“Comrades, Vladimir Ilich’s health has grown so much worse lately that it is to be feared he will soon be no more. We must therefore consider what is to be done when the great sorrow befalls us…. Modern science is capable of preserving his body for a considerable time, long enough at least for us to grow used to the idea of his being no longer with us.” – Joseph Stalin
Lenin’s Mausoleum was definitely high on my list of favorite excursions in Russia…odd, I know. Contrary to popular belief, there is not a never ending Disneyesque line to see the former Soviet leader’s body (or wax dummy, if you believe that). We stood in line for about 5 minutes before being allowed to walk to the mausoleum (for some reason, the Russians block off half of Red Square during the mausoleum’s “open” hours). Before proceeding into the mausoleum you are searched for cameras, of course. When you enter the nice air-conditioned tomb, you walk down a flight of stairs…I almost tripped down them due to the lack of light. Then you proceed to the room with Lenin…and there he is chilling in his glass coffin. My first thought was “damn, he’s short”…because he is…and he is also wearing a black tie with white polka dots…what’s up with that? They should change his tie color according to the seasons. Anyways…you walk around Lenin’s glass coffin under the watchful eyes of four very serious-looking guards. I suppose that the Soviets meant for this to be a solemn place, but when I got out of the mausoleum I wanted to laugh…because it is so crazy that they preserved Lenin’s body and put it on display for millions of people to gawk at! Lenin would have been sooo pissed if he knew Stalin was going to do that.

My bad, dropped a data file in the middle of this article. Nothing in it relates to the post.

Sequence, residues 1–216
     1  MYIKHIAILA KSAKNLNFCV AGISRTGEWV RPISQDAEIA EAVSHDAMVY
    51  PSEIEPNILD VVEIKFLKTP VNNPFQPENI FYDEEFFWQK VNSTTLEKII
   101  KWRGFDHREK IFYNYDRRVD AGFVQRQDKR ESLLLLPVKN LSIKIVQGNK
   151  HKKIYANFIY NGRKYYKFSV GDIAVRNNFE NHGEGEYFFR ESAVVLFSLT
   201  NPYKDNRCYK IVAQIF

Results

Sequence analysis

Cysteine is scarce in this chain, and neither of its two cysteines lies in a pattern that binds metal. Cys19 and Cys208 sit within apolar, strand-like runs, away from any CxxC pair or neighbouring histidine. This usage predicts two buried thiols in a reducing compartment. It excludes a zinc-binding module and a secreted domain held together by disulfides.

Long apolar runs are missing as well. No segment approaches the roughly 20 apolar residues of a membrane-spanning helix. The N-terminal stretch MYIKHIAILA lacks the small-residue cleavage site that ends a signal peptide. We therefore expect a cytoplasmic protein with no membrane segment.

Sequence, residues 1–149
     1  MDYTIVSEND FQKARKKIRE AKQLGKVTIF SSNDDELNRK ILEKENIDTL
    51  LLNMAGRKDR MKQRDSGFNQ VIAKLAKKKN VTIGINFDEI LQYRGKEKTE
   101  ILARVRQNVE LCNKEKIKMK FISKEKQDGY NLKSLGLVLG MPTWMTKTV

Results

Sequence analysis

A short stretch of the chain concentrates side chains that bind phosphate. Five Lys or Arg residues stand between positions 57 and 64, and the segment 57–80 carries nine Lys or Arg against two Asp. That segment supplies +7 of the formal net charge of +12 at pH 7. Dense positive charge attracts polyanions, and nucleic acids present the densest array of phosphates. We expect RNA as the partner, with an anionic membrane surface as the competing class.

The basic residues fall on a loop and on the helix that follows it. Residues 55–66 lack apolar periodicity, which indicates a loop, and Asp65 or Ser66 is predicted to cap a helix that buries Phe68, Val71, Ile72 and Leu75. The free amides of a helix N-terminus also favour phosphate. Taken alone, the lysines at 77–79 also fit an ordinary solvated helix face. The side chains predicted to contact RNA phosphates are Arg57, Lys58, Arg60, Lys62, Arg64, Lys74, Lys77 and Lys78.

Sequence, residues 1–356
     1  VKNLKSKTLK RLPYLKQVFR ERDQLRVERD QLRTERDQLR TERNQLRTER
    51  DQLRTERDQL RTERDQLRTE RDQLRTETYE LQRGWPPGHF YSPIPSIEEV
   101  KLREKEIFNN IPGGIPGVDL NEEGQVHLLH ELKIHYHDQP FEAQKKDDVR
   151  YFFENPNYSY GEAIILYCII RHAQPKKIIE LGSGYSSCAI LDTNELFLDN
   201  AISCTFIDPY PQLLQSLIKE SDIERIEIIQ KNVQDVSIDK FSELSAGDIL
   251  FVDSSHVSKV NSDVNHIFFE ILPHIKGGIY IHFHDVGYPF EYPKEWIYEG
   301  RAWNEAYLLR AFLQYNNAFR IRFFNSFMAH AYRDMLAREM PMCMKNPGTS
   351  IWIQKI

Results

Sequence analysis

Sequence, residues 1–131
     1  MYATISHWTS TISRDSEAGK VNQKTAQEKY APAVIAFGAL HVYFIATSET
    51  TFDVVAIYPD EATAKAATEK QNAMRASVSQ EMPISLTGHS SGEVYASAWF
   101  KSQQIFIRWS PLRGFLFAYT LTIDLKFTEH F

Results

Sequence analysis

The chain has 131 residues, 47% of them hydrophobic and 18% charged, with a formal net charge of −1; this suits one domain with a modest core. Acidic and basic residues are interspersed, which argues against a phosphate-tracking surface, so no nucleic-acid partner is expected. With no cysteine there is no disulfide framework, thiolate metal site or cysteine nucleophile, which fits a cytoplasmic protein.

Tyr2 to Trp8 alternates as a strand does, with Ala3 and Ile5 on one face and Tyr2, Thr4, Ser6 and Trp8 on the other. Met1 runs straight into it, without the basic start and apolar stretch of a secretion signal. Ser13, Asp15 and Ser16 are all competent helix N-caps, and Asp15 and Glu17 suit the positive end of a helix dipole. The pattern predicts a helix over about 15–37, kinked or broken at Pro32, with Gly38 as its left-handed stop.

Lenin’s Tomb was also used as a parade reviewing stand by leaders of the USSR, as shown in this picture. After Stalin’s death, his preserved body was placed alongside Lenin’s, but was later removed as part of Kruschev’s “de-Stalinization” process. He is now buried behind the mausoleum.
Red Square…Lenin’s Mausoleum on the left…notice the Communist rally!
Up close view…The letters in the middle are Cyrillic for “Lenin”.
Kate, myself, and Will in front of the mausoleum.
Me and Will.
Me in front of the mausoleum striking a pose in a fur commie hat.
Will strikes a pose…astounded Russians look on.
Lenin or wax dummy? You decide. I didn’t take this picture…I had no desire to visit a Russian prison, thank you very much.